Super funds regain ground but face tough financial year end

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Super funds have proven resilient to the turmoil that hit markets in the wake of the COVID-19 outbreak, extending their recovery through May and early June, and are on track to finish the 2019-20 financial year down but far from out.

According to estimates from leading research house SuperRatings, the median balanced option rose 2.1% in May, driven by a strong rise in share markets on the back of better-than-expected economic news and the beginning of a staged reopening of the economy.

Based on current estimates, the financial year-to-date return for the median balanced option at the end of May is -1.6%. If super funds do end 30 June in the red, it will be the fourth negative financial year for super since its inception in 1992, but also likely the mildest.

“Super members have benefitted from recent gains, but markets are still under pressure and remain vulnerable to negative news, including a potential second wave of COVID-19 infections,” said SuperRatings Executive Director Kirby Rappell.

“Funds were hit hard in February and March, and some saw that as an opportunity to raise questions about the value of super. Since then we’ve had two strong months and the critics have certainly been quieter, but we know there’s a long way to go before super balances return to a more stable footing.”

Since the start of 2020 to the end of May, the median balanced option fell an estimated 5.7%, with the 12-month return holding in positive territory at 0.5%. In contrast, Australian shares, measured by the S&P/ASX 200 Index, fell 13.9% over the calendar year to May and are down 10.0% over 12 months.

The median growth option, which generally has a higher exposure to shares and other risk assets, is down an estimated 6.8% in 2020 and is up 0.5% over 12 months, while the capital stable option fell only 2.1% since the start of 2020 and rose an estimated 1.2% over 12 months.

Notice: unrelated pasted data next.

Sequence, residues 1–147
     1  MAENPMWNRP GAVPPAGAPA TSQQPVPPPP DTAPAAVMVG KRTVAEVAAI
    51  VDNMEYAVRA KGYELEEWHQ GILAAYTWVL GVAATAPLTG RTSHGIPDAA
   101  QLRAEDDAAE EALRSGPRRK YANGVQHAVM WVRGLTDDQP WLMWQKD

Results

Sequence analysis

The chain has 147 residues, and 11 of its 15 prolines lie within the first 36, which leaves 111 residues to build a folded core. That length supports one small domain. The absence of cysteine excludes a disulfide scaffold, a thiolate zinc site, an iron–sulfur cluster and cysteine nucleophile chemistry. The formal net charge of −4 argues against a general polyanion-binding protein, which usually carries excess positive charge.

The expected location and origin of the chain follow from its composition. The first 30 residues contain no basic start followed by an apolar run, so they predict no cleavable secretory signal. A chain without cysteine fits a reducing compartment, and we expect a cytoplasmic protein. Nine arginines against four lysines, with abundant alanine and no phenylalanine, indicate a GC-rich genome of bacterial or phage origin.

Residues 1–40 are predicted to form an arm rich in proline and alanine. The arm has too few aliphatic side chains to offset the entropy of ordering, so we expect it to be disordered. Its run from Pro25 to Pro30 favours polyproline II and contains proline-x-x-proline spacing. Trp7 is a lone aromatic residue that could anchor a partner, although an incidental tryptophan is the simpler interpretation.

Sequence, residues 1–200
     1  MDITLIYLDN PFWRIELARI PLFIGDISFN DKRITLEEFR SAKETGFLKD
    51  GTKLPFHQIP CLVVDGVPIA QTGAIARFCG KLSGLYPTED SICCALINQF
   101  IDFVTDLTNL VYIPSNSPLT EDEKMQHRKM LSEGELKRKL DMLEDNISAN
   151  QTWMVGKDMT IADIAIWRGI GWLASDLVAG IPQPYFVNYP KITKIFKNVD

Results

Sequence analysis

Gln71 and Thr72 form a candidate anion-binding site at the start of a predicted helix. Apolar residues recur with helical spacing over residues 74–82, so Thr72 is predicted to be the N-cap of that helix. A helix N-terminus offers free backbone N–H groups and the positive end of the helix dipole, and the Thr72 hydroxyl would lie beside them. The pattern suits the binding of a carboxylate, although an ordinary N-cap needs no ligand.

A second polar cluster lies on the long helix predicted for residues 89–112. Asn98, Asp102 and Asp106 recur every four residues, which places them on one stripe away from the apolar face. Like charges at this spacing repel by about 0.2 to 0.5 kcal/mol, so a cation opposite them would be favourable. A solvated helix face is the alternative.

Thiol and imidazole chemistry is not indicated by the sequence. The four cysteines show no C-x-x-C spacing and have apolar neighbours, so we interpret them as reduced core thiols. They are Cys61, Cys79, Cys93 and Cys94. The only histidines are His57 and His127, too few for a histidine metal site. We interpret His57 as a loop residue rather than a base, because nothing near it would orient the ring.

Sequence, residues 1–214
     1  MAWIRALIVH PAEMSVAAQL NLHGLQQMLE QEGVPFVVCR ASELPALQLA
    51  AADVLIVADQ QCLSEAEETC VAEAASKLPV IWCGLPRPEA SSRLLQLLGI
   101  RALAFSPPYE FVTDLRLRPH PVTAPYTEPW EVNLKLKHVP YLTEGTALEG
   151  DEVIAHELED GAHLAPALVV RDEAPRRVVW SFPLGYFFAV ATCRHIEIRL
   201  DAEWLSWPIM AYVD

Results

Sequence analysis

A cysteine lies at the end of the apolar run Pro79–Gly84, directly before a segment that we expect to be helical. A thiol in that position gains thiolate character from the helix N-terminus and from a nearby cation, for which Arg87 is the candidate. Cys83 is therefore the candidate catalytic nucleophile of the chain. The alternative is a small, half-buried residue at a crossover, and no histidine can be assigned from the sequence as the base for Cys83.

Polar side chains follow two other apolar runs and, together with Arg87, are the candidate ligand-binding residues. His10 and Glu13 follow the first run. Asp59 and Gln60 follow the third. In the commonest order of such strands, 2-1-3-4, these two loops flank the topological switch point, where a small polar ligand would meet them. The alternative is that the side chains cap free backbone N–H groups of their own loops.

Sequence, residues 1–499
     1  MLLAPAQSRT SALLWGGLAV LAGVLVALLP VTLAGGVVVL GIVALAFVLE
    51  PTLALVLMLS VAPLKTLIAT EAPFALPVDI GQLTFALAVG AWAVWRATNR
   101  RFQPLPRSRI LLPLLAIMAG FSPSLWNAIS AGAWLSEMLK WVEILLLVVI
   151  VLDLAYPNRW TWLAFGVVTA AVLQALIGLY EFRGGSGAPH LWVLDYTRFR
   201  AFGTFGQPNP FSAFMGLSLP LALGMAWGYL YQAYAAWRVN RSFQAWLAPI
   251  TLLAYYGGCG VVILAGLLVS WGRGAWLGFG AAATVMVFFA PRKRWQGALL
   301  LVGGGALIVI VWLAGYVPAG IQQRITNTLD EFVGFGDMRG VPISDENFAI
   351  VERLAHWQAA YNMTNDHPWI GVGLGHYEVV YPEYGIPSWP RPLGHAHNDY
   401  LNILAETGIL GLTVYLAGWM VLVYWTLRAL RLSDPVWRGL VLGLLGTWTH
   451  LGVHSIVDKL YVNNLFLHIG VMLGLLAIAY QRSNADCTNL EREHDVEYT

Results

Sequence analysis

Pension returns have held up slightly better, with the median balanced pension option down an estimated 6.1% since the start of 2020, the median growth option down 7.4%, and the median capital stable option down 2.3%.

 

 

Members should expect to see their super balance move around as markets deal with the significant uncertainty surrounding COVID-19, however members in well-diversified options will feel the bumps less.

“Things are changing quickly, but there are certainly some early positive signs with businesses reopening and beginning to scale back up,” said Mr Rappell. “Full recovery may take some time, but funds are well equipped to manage the short-term risks and position themselves for future growth once we start returning to normal.

Super funds ahead of long-term objective despite GFC and COVID-19

Despite the challenge that COVID-19 poses to financial markets, superannuation has proved resilient, much as it did during the Global Financial Crisis (GFC) of 2008 and 2009.

Remarkably, since 1992, the median balanced option has returned an average of 7.0% per annum, which is well above the common long-term objective of CPI plus 3.5% (see chart below).

 

* FYTD estimate to end May 2020

 

“Super members may understandably feel disillusioned after watching their balances go down through February and March,” said Mr Rappell. “But super is a long-term game, and members should be cognisant of the steady gains super has delivered over a long period of time and will continue to deliver into the future.”

“What really matters for most members is whether funds are meeting their long-term objective, and by this metric super has been an incredible success. Funds came back strongly after the GFC and there’s good reason to believe they’ll do the same this time around.”

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